Pseudo-celebrity Jenny McCarthy then helped popularize the theory by publicly buying into the idea that the MMR vaccine caused her son’s autism.
Yes, vaccines CAN have side effects—just like any medication or treatment. The question—as examined by over 100 far more credible medical studies looking vaccine safety—is whether or not those side effects are devastating and common. Each one of these studies proves they’re not.
If we have to choose between 100+ verified, credible medical studies, and the poor workmanship of one man with a vested personal and financial interest in knocking the MMR vaccine out of the running … well, I’ll let you decide.
- Ok …but what about all the toxins?
Mercury. Aluminum. Formaldehyde. Not exactly things you’d sprinkle over junior’s banana purée, right? And yet, they’re part of our vaccines?! Here’s the thing: we have to go deeper than names simply sound menacing.
Mercury: There are actually several types. The variation that protects vaccines from contamination isn’t the same kind that can harm us at high exposures.
Aluminum: Yes, high levels of aluminum are very dangerous. Yet, as this article points out, not only is aluminum a commonly occurring substance in air, water and dirt—it’s also found in breast milk: “Exclusively breast-fed babies ingest over twice as much aluminum in the first six months of life as the sum of all routinely recommended vaccines combined.”
Formaldehyde: This smelly substance is used to “inactivate viruses so that they don’t cause disease (e.g., polio virus used to make polio vaccine) and to detoxify bacterial toxins” in the vaccine process. And, our bodies make it … all the time. In fact, “a healthy baby already has 10 times more natural formaldehyde in their system than any one vaccine dose contains.” Remember, this isn’t a core component of the vaccine; it’s a harmless, trace part of its preservation.
- I’m pro-life and vaccines contain aborted fetal tissue. End of discussion.
So here’s the skinny on this. In 1960, lung cells that originated from two abortions in Sweden and England were sent to institutes in England and Pennsylvania, where they were later used to create “cell lines” in a petri dish. These cells replicate over and over and over again, and it’s the replications of these cells that are used to create some vaccines. Why? “Viruses can only grow inside cells, unlike bacteria. The creation of viral vaccines requires living cells. Human viruses are best supported in a culture of human cells. Fetal cells also have the advantage of being a sterile environment, free of any other viruses.”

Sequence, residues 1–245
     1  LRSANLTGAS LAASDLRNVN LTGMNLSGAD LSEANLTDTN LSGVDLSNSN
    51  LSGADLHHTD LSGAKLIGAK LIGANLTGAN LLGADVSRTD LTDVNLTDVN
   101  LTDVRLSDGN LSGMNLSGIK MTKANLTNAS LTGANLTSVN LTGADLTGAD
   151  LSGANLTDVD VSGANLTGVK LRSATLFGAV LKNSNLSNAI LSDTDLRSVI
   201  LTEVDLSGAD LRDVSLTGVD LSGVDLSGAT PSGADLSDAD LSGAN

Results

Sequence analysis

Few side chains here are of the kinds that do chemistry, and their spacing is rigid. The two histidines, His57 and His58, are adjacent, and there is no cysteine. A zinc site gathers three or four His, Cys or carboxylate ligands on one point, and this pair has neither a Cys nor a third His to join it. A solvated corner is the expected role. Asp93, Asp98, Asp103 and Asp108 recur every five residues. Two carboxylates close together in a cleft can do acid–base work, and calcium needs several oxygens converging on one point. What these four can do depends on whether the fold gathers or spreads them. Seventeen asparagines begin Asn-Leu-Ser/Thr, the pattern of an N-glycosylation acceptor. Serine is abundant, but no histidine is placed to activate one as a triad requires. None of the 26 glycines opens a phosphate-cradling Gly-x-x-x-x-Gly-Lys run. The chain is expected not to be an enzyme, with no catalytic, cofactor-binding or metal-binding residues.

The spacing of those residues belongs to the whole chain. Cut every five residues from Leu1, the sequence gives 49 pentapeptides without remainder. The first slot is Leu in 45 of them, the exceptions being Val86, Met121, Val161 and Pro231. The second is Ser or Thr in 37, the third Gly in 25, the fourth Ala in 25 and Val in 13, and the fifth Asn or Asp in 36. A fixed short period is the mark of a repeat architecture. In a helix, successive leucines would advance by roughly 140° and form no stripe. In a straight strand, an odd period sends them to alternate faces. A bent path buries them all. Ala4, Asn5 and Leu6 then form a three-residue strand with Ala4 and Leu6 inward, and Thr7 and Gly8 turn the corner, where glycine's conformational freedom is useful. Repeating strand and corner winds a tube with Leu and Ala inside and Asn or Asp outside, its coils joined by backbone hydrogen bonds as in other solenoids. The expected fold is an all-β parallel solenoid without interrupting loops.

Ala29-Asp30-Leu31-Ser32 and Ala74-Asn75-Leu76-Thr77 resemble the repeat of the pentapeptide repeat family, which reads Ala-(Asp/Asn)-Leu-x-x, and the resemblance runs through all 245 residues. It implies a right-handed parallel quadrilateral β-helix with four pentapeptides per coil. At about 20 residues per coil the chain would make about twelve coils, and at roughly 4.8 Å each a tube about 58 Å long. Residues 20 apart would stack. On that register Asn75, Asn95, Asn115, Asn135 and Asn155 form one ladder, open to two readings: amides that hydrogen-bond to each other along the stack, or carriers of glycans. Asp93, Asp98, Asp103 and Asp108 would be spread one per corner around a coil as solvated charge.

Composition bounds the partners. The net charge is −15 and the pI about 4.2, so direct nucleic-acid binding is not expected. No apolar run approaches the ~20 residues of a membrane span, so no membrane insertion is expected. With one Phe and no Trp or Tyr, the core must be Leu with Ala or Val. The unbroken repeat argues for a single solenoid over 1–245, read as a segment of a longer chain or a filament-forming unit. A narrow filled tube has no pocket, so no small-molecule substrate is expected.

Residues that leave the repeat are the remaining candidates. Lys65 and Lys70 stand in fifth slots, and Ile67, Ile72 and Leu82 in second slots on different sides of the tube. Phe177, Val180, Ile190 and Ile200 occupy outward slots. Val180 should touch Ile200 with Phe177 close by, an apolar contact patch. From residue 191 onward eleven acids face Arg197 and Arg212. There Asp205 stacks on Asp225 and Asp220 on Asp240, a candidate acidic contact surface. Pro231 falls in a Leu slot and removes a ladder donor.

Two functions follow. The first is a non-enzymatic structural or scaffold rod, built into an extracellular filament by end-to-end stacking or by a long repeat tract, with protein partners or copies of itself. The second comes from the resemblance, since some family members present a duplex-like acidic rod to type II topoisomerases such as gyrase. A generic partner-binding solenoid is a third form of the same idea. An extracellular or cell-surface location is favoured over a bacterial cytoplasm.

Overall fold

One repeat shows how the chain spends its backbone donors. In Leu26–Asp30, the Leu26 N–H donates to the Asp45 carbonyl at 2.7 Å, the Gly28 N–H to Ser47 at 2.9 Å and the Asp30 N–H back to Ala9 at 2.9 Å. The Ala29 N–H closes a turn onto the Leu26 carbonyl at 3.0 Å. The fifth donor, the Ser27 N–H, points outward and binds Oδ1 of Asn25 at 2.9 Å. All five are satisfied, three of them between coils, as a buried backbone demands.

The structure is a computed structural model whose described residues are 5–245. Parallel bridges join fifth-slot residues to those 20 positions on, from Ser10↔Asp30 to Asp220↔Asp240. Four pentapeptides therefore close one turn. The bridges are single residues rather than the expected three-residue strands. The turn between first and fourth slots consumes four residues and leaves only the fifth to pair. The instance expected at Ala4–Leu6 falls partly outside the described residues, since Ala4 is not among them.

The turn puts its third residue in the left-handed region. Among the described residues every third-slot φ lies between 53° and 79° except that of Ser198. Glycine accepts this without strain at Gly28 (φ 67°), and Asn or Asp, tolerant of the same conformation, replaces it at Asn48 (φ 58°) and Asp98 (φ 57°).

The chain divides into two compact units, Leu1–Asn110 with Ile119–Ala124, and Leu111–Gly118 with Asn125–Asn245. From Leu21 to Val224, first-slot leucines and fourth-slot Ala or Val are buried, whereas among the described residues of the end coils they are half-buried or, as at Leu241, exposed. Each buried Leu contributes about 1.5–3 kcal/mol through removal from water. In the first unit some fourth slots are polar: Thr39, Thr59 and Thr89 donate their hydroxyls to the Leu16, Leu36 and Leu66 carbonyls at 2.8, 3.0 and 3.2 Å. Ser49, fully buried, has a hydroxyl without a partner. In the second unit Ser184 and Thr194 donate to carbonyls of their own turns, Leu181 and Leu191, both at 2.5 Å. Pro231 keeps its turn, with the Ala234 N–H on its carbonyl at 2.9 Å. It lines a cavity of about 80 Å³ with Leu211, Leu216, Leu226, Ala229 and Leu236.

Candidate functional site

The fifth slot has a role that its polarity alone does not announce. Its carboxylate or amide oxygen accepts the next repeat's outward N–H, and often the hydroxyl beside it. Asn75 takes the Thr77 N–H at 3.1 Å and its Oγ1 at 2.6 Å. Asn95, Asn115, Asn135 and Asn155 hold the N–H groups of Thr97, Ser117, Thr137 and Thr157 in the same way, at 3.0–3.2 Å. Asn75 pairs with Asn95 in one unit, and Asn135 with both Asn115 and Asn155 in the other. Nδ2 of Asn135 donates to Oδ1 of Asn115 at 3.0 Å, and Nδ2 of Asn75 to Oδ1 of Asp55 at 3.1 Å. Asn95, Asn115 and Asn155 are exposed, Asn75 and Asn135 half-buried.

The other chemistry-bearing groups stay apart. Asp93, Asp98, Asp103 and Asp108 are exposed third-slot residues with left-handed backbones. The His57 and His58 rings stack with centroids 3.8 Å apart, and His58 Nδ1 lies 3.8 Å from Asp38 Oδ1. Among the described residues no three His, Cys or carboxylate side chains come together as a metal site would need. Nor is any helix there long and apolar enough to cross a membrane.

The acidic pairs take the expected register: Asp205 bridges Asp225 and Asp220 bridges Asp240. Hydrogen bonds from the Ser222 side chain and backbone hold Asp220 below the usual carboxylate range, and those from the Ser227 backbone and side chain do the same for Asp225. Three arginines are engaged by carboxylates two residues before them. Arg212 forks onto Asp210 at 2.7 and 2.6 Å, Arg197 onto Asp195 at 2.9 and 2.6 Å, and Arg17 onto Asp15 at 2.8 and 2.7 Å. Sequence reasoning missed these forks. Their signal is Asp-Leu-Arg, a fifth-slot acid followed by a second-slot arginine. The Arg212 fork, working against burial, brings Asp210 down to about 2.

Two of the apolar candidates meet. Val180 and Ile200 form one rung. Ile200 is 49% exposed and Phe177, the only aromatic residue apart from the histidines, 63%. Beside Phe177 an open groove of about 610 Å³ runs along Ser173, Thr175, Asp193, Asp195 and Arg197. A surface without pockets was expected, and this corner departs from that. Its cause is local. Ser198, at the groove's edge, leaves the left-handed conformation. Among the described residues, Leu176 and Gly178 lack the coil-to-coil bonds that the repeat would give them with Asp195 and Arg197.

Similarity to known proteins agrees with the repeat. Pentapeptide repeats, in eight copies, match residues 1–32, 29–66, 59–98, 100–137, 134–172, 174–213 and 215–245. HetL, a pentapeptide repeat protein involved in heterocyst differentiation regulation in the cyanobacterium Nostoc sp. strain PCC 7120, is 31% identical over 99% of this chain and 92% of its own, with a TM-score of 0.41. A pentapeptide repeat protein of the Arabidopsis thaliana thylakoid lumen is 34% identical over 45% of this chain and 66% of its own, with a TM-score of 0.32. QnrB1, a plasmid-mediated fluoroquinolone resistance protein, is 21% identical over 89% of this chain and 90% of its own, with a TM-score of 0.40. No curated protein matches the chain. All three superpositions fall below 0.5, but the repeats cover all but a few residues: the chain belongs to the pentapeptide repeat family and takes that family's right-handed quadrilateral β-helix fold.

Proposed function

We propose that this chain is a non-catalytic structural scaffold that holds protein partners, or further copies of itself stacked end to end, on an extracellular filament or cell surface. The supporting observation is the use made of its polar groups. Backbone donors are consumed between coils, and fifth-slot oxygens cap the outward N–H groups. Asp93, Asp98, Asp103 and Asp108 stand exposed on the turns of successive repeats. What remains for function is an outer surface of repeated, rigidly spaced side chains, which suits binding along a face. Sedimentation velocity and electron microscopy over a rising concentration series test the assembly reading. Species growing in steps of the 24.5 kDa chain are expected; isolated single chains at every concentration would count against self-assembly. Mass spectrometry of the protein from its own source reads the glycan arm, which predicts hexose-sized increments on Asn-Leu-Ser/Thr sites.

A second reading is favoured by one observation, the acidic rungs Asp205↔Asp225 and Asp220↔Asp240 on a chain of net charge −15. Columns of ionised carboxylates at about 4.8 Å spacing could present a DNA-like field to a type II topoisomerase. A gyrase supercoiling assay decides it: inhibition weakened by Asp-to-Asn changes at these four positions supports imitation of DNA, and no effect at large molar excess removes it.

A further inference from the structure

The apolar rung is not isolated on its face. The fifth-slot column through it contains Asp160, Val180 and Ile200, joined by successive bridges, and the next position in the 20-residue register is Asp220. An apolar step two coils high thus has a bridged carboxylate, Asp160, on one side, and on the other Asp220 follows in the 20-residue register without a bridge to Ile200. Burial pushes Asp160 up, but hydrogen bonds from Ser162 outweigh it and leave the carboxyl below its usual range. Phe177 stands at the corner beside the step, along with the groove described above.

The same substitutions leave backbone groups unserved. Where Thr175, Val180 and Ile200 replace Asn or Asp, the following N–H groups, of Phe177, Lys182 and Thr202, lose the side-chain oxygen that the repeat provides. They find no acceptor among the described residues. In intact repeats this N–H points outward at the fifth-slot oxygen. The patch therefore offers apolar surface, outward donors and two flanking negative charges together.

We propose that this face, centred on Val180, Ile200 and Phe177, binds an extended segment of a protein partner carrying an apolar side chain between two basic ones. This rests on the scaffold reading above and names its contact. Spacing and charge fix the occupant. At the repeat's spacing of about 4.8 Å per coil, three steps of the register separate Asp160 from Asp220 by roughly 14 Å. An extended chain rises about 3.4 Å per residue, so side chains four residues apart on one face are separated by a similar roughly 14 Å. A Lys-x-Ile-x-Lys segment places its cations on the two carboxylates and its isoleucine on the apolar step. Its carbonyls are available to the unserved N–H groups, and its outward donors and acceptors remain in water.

So basically, the same cell line could have been created using cells from a born human being. It didn’t HAVE to come from abortions, and the abortions were not performed expressly for this purpose. It just so happened that they had access to these cells at that time … and they used them to start the cell line. No abortions are performed today to create more cell lines (they already exist) and no aborted “fetal tissue” is being injected into your children’s bodies.
To paraphrase Joseph Ratzinger (later Pope Benedict XVI), it’s unfortunate that those cells were chosen. But it’s done. Again, vaccines today are not created using cells from new abortions; abortions are not performed to provide these cells today. And the result of using those cells once to create that cell line has resulted in lifesaving measures that ultimately protect and preserve children—something we should embrace.
Moms, Dads—it’s our kids’ lives at stake here. And as we start to see a resurgence in deadly diseases that were once all but eradicated … what will you choose?
Mary Ramirez is a full-time writer, creator of www.afuturefree.com (a political commentary blog), and contributor to The Chris Salcedo Show (TheBlaze Radio Network, M-F, 3-5. ET). She can be reached at: firstname.lastname@example.org; or on Twitter: @AFutureFree